Boat to YangshuoOn Saturday we took the slow boat down the Li river, taking in the spectacular scenery on our 5 hour journey to Yangshuo.  Normally famous for its ‘crystal clear’ waters, our trip followed a few days of heavy rain, leaving the river’s waters a distinctly Shanghai-esque brown colour (but caused by mud, not pollution).  Our route through the valley carved between the mountains gave us views not accessible by any other means of transport – a beautiful, relaxing journey down to Yangshuo.

Any tranquility experienced was immediately dispelled upon our arrival, with Yangshuo proving an extremely popular destination for tourists (far more so than Guilin).  A town seemingly built entirely for tourists, offering a microcosm of Chinese style buildings, shops and restaurants all within walking distance.  For those of us getting a little overfamiliar with Qingdao beer, the ‘London Tavern’ offered a respite with London Pride available on draft.

Dinner with Anny's classmates in Yangshuo

Dinner with Anny’s classmates in Yangshuo

On Saturday evening we joined Anny and her classmates for an evening meal overlooking the river.  Dinner for me consisted of a plethora of Chinese dishes; dinner for the mosquitos consisted of me.

Sunday’s bus journey back to Guilin didn’t offer quite the same picturesque views as our boat trip but did offer about a shorter route to get there. What the Chinese (lazy stereotyping warning) sometimes lack in planning, they more than make up for with spontaneity.  We arrived in Guilin mid-afternoon, back once more at the same hotel we’d originally stayed at, but this time without reservations since we were not staying the night. Bron and I still have no idea why we all met up there once again, but no matter – Anny negotiates an hourly rate for a room; it promptly becomes the defacto storage and meeting point for all.

Spring airlines: I know it’s not only your company that uses the excuse ‘Your flight is delayed due to the late arrival of the inbound aircraft‘, but you do seem to use it more often than other airlines. Unfortunately, it’s an excuse about as valid as claiming ‘This year’s spring has been delayed due to the late arrival of daffodils****’. 4.30am we arrived home on Monday morning. This with the alarm set for 8.30am to get up for our trip to Beijing. Thanks Spring.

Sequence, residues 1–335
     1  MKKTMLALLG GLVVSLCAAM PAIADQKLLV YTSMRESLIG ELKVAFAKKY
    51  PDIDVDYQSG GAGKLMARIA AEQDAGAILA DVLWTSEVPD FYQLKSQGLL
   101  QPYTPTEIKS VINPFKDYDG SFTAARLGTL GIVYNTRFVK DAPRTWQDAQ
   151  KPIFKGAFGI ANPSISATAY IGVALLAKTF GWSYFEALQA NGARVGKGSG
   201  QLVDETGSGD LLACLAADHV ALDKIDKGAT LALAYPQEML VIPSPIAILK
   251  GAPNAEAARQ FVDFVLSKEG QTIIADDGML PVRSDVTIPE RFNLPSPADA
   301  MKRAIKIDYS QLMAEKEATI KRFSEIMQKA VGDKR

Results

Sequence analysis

This is the last of our trips we’ll make with Anny.  Over the last few months Anny has shown us aspects of Chinese life we’d never have otherwise encountered, taken us to some amazing places and introduced us to family members and friends who have all made us feel incredibly welcome. We will miss this aspect of our time in China more than most others.

*As is evident, I hold no geographic qualifications.

**I did ask how rice noodles are made.  Apparently nobody knows.

***If you’re an American reading this and have no idea what a pantomime is, make it top of your cultural activities list to do next time you’re in the UK near Christmas.

****As in, the former is related to  but does not directly cause nor explain the latter.

April 28th: The Tao Tour (Philippines part 2)

The crew and guests on the Tao Phillipines tour

The crew and guests on the Tao Phillipines tour

On the Tao Philippines website, the booking procedure includes an extra step which  asks: ‘Are you sure you want to do this? It’s not for everyone’. Looking back, the last four nights of our holiday at the all-inclusive luxury resort on Lagen island, with its air-conditioned rooms, cocktail bars and large pool, couldn’t have been much more different to the previous four with Romy and crew aboard the Tao Philippines boat.

We met up in Coron: Romy and his six crew members along with 10 guests (2 Brits, 3 Aussies, 2 Dutch, a Swede, a Slovakian and an American; there’s always an American), to board our floating temporary home for the next 5 days.  The plan was a simple one – to travel from Coron on Busuanga Island to El Nido on Palawan, stopping at different locations along the way and sleeping in a different place on each of our 4 nights.  Most of the crew slept onboard whilst the guests stayed in huts on beaches; in mangroves; in small villages, all safely covered by mosquito nets.

On the Tao website it states alcohol can be purchased prior to the trip, and helpfully offers the advice ‘Guests should not drink too much in the sun’.  What it failed to mention was that Romy would, without fail, start each evening with a round or two of his signature cocktail: ‘Sundowner’.  A simple but effective cocktail consisting of rum and pineapple juice, mixed at the simple but effective ratio of 50/50. This is rum (‘rhum’) purchased locally for 90 pesos – around £1.50 for a bottle of rum that would be at least 10 times as much in the UK.

Late night with Bron, Michael, Michelle and Guy

Late night with Bron, Michael, Michelle and Guy